A good study space is critical to learning. It doesn't have to be completely silent, and often that’s not even possible in a larger household. Determine how your child studies best and create a space around that. For younger children, make the space someplace you can easily supervise the work and be readily available to answer questions. For older children, their bedroom may offer a quiet place to help them focus.
Attach a fold-down table to a wall. Another great solution for a small home is an inexpensive fold-down table. Organize supplies in baskets or a wheeled cart and buy a folding chair or stool from a flea market or garage sale. When the study center isn’t being used, everything can be stored out of sight in a nearby closet.
Consider a bedroom makeover. Rearrange the furniture in your child’s room to make space for a study area. Loft beds are ideal since they have storage drawers built in, plus they offer open space beneath the bed perfect for a desk, chair and bookcase.
Involve your children in decorating. If you let the kids pick out wall art and choose accessories for their homework area it will make the space seem more personal and inviting.
Devise a simple way to stay organized. A calendar and dry-erase board will help your child keep track of homework assignments and due dates. If more than one child will be using the space use color-coded folders, bins and binders to keep projects separated.
Reduce noise and distractions. Locating the homework center away from the TV and family traffic will allow your child to concentrate better.
Light bright. Your child’s homework space should be well lit to provide good reading light, as well as to keep your child alert while studying. Placing your child’s desk near a window for natural lighting also will help brighten his or her homework mood.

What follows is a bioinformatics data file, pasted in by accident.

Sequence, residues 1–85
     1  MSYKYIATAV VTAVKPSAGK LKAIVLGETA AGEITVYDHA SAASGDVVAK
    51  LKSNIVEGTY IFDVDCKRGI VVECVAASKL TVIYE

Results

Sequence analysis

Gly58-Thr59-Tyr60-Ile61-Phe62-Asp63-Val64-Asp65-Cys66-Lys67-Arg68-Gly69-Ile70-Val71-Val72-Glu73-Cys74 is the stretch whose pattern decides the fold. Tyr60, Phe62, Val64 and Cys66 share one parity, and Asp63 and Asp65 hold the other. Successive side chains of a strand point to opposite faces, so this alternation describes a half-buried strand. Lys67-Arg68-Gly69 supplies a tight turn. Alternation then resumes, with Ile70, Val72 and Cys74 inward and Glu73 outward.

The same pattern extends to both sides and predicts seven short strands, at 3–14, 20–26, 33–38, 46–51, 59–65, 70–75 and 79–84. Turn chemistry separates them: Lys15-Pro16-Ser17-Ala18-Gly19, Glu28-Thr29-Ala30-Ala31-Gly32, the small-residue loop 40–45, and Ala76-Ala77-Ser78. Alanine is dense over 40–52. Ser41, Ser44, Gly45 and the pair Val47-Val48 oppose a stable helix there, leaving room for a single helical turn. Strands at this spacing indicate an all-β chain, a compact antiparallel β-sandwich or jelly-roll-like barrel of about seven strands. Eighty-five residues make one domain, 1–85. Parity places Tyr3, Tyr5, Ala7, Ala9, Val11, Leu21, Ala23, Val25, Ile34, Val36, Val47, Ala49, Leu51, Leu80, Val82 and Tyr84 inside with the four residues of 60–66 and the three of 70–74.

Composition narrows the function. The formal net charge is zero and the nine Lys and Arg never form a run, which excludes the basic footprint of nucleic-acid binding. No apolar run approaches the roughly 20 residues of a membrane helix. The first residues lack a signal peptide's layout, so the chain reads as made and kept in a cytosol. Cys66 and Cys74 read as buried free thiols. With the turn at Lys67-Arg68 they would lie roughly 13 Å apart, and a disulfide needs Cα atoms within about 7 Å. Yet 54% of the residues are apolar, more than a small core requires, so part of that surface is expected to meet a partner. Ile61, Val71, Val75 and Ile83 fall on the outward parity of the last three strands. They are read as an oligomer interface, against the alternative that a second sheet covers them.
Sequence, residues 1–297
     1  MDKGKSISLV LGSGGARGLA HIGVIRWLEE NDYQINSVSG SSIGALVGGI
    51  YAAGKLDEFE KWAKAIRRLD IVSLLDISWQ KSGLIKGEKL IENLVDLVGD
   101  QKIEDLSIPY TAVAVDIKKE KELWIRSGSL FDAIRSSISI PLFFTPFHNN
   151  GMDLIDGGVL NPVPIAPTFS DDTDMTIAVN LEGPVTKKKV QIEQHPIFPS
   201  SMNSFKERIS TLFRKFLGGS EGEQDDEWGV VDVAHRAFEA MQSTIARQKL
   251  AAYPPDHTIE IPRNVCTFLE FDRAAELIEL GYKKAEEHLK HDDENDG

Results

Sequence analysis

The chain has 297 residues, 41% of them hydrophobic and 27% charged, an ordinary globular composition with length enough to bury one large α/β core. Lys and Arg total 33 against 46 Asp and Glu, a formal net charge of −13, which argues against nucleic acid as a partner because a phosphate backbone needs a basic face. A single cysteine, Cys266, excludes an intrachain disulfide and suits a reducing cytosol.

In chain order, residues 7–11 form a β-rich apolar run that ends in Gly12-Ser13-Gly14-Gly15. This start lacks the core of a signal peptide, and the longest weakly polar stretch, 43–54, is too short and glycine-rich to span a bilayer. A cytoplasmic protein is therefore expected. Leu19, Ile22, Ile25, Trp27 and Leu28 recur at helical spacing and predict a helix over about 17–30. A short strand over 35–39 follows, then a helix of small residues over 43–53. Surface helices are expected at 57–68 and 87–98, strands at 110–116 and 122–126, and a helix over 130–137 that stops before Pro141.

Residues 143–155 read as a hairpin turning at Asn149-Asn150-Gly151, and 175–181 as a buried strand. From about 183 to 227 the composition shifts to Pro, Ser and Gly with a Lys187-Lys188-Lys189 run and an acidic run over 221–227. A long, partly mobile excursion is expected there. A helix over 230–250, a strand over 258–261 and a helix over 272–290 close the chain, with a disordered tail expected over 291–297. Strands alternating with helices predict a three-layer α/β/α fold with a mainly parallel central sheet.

Establish a routine. The first step in creating a positive homework pathway for your child is by primarily creating a routine. As long as everyone makes a good faith effort to abide by the designated rules, children can expect to have a time and a place to focus on their homework. By being consistent, parents help their child develop good study habits.

  • Right after school?
  • After a play break?
  • After dinner?
  • First thing in the morning?
  • A combination of these?
Consider letting your child choose when he works on his home work and then expect him to stick with what he says.

We’re all so individual as to how much noise (music, others’ talking, TV, radio…) we can tolerate when we work. Help your child figure out his best balance. This may take some time to figure out.

Resources used Homework: Be a Stage Manager

You may have noticed that there are different opinions about the best homework stategies. That's because no two students, parents or families are alike. The point is, it takes time to create the best plan for helping your child with homework. Hang in there!
This series continues next week with some tips on communicating about homework issues with your child's teachers. Until then, what are some of your ways of dealing with homework?